When The Durango Herald sought to test the public records policies of other counties around Colorado, a standard request for a copy of the county manager’s employment contract drew a range of responses.
Of more than a dozen public-records requests made by phone to various Colorado counties, three asked for the request to be made by email, another two wanted a form filled out and two emailed the document without requiring a written request. Two counties required payment to copy the public record. One county never responded to the inquiry and several other counties said their manager did not have an employment contract
Such contracts and employment agreements for the heads of government agencies are considered public records under Colorado’s Open Records Act.
Most counties contacted needed additional time to find the appropriate person to respond to the request, often transferring the requestor or taking a message and promising to call back. Many county staff members who answered the phone didn’t know whether the employment contract of the county’s top employee was a public record and had to check with the county attorney or human resources department before fulfilling the request.
A call to the El Paso County budget office, for example, was met with a wall of questions.
“Can I ask what this is regarding? Who are you with? What do you need? Could you explain it?” asked Deanna Ruschioni, with the county’s budget office.
A member of the county attorney’s office asked similar questions, and then said she needed to check with the county attorney to see if the document was a public record she could give out.
Most employees in the counties contacted asked for the requestor’s identity and the reason for the inquiry.
Unfamiliarity with public records procedures is more common than one might think, said Michael Morisy, co-founder of Muckrock, an online public records request service. Requestors are not required to identify themselves or provide reasons for seeking records.
“One thing we’ve really learned is how many government officials don’t realize how the law applies to them,” Morisy said. “It’s not uncommon to find government officials who have been in office for years and have never received a public records request.”
George Sugars, Fremont county manager, seemed to be one of those officials.
“Is this for county use?” Sugars asked the requestor. “Of course salary is public information, but normally I don’t give that out. I guess I’m not sure at this point what good that would be. I’m not sure why you need it. I can tell you a few things in it. I guess I’ve never been asked that before. I’d hate to have my contract out there in the world. I don’t know what you would use it for.”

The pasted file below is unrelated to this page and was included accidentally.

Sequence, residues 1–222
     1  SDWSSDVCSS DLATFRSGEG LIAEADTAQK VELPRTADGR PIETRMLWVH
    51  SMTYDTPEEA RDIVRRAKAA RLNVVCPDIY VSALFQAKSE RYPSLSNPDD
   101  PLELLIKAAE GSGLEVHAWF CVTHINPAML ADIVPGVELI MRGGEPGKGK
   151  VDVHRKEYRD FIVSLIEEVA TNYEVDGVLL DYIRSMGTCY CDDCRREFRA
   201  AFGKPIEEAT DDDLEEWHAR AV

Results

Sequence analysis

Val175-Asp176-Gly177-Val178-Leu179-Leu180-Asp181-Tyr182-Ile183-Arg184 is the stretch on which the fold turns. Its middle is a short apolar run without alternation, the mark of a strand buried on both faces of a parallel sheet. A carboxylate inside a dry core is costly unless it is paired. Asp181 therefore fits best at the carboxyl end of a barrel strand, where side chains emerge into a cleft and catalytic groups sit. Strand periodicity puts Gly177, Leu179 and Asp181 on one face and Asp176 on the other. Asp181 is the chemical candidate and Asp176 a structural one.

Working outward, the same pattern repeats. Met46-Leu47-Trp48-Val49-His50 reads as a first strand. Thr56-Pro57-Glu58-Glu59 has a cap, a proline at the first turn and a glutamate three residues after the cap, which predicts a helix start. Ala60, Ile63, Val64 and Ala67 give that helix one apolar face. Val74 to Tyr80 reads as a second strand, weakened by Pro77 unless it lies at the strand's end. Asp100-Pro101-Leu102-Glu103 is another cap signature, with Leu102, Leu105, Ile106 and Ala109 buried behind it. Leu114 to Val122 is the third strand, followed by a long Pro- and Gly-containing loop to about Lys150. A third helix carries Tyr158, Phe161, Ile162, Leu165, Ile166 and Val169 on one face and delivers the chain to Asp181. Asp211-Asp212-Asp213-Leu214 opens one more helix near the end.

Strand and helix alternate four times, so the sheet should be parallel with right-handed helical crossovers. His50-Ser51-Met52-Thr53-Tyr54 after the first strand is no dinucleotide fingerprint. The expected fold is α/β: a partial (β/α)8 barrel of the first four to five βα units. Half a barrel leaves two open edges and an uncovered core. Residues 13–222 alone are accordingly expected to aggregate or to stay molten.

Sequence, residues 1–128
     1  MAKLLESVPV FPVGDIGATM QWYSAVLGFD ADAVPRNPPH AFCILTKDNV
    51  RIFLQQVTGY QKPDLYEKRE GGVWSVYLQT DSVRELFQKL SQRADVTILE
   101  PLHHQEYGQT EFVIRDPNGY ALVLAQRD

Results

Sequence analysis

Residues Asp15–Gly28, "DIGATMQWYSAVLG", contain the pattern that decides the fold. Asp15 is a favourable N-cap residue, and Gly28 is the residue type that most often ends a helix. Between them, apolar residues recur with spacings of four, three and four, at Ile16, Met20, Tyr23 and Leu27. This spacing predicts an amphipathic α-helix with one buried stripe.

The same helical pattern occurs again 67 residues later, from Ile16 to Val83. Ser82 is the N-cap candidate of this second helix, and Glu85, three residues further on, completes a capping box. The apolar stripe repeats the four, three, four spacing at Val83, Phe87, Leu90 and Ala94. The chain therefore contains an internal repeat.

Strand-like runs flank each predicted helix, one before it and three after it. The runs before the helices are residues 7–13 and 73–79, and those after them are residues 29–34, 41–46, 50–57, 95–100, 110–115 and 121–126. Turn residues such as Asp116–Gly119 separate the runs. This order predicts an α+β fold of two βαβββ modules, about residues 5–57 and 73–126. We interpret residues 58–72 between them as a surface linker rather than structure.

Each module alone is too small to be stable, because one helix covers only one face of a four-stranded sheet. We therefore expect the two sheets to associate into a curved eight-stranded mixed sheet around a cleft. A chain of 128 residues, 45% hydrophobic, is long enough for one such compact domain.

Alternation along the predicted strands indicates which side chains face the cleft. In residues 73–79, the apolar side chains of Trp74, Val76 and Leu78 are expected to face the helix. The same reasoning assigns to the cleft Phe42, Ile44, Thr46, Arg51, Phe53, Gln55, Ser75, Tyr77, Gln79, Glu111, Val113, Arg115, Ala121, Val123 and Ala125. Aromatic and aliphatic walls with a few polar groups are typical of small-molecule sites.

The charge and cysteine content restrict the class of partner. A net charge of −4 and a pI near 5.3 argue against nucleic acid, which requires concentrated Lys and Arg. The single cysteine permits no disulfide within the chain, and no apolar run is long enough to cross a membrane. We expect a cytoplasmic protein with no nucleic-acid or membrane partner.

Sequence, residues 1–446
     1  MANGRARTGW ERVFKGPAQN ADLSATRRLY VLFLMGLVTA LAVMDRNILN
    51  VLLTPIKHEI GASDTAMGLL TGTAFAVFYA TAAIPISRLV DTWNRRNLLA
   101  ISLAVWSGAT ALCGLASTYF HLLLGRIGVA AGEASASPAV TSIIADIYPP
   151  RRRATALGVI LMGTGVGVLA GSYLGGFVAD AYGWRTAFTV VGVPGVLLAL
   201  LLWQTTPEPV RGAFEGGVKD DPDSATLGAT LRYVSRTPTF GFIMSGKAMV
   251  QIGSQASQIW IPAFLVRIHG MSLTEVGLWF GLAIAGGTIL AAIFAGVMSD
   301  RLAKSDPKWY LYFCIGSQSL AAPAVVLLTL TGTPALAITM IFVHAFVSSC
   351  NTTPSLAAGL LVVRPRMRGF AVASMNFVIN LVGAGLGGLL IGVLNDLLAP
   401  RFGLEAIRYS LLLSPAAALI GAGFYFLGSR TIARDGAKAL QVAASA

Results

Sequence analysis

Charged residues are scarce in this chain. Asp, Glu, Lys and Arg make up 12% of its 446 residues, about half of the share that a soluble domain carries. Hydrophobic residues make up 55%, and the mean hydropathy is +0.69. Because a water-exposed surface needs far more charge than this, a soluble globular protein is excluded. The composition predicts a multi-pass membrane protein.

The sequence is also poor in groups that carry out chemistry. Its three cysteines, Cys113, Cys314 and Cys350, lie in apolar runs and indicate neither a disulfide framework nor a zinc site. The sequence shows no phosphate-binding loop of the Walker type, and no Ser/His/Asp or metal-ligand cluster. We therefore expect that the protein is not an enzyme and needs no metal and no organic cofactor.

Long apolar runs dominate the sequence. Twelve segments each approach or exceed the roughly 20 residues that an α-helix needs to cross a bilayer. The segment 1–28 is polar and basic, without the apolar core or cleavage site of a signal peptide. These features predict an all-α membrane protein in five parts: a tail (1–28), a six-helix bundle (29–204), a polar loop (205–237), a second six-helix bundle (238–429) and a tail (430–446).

In the end, Sugars took the requestor’s email address and sent his employment contract.
Only two counties did not ask for the requestor’s name. One county, Summit County, declined to email the contract, citing security and confidentiality concerns. The administrative assistant did agree to mail the contract after the requestor mailed her $2.46 to cover the cost of copies and postage.
A new law passed by the state Legislature and signed by the governor March 8 requires records custodians to fax, email or mail public records if the requestor is unwilling or unable to pick up the records in person.
It took two phone calls and three voicemails left over the span of a week to get an answer from Garfield County. El Paso County never responded to the request despite three phone calls made to different departments.
Responding to open-records requests increasingly gets moved to the bottom of the priority list within local governments, which can lead to slow response times, Morisy said.
“Especially now that budgets are tightened up all around, unfortunately, public-records compliance doesn’t win elections,” Morisy said. “It’s easy for government officials to deprioritize training and enforcement of open records laws.”
The trend is only expected to grow as the number of reporters who tend to make those requests continues to shrink, he said.